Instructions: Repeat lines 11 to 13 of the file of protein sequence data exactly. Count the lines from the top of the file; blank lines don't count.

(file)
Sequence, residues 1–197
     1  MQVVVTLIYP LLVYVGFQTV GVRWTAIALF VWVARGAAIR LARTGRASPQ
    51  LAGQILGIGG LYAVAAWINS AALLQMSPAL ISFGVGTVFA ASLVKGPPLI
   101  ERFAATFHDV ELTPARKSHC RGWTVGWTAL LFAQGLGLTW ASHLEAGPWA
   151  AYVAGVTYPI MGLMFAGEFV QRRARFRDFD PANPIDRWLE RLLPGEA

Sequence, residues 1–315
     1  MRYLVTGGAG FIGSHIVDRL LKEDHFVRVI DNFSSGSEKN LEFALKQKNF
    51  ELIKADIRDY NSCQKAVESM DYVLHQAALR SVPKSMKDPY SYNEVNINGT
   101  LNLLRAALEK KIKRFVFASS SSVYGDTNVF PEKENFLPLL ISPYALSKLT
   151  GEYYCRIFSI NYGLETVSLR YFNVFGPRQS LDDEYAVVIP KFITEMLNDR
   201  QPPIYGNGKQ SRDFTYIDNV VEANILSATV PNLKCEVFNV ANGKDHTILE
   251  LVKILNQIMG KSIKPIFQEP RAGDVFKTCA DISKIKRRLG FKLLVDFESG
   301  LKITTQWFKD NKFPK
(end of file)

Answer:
   201  QPPIYGNGKQ SRDFTYIDNV VEANILSATV PNLKCEVFNV ANGKDHTILE
   251  LVKILNQIMG KSIKPIFQEP RAGDVFKTCA DISKIKRRLG FKLLVDFESG
   301  LKITTQWFKD NKFPK